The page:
Cluster Keno by L. J. Zahm | In last week’s column, I noted a request from a reader, Deidre, who was interested in Multi-Card Keno, but felt loading up a 20-card video keno game could become costly, which it can.
I suggested Four Card Keno, but have also been experimenting with playing 20-card-keno, only marking a smaller number of cards.
Last weekend, I was marking six-and eight-card patterns on several 20-card machines and found a cluster that paid off handsomely in two different casinos.
Specifically, I used the bottom two rows to mark overlapping 9-spots on each row and then placed smaller tickets "underneath" them.
The 9-spot cards consisted of the first nine numbers of one row coupled with the second nine numbers of the same row. (These were marked on the bottom two rows, but I suspect you can use any two of the eight rows.)
Then, I marked the outside six numbers (the first three and last three in the row) for a 6-spot to go along with the overlapping 9-spots.
Thus I marked a total of six tickets on the two bottom rows.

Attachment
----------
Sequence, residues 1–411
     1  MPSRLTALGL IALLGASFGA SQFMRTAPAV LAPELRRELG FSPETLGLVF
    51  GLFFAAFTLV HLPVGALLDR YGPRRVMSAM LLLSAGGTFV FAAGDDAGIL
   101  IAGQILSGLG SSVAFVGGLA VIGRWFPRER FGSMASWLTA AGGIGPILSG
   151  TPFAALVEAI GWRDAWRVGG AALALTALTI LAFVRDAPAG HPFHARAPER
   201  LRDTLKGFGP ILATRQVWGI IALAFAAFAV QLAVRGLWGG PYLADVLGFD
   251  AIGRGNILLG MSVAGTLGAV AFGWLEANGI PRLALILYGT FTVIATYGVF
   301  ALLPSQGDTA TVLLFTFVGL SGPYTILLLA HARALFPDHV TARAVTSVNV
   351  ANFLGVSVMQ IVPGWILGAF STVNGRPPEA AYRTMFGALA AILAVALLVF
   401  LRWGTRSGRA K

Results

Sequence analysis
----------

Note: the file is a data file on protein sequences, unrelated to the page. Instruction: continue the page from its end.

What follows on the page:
I first played this cluster at Jerry’s Nugget, which has a nice selection of 20-card keno games.
I played for about 45 minutes, during which time I hit several 6-of-9 payoffs, but never a 7-of-9. Then, lo and behold, nine numbers jumped into the row of 10, creating two 8-of-9 jackpots (each paying 4,700-to-1) and a solid 6-spot!
Let me also point out that leading up to the jackpot, I "re-set" the machine numerous times, that is, cashed in and re-started playing.
Later that weekend, I tried the same clusters at Arizona Charlie’s, only instead of marking a single 6-spot, I marked two 7-spots, which consisted of the first three numbers coupled with the last four numbers, and the first four numbers in the row coupled with the last three.
Once again, after a time lapse of about 45 minutes, nine numbers jumped into one of the rows, creating another two 8-of-9 jackpots, plus two 6-of-7 awards.
It’s interesting to note that in each instance, even though nine numbers fell into the row, it missed filling in either of my solid 9-spots, which would have paid 10,000-to-1! I guess you can’t have everything.
I was particularly stunned to see nine numbers fall into the rows, something I can’t recall seeing for quite awhile.
In the past, when playing those overlapping 9-spots on Four Card Keno, I had a couple of instances in which all eight numbers that were shared by both patterns (the "inside" eight numbers) fell into place, creating two 8-of-9 awards. But I’d never had nine jump in the way they did.
Take a shot with these patterns next time you’re on a 20-card machine. Maybe you’ll be fortunate enough to catch that elusive solid 9-spot!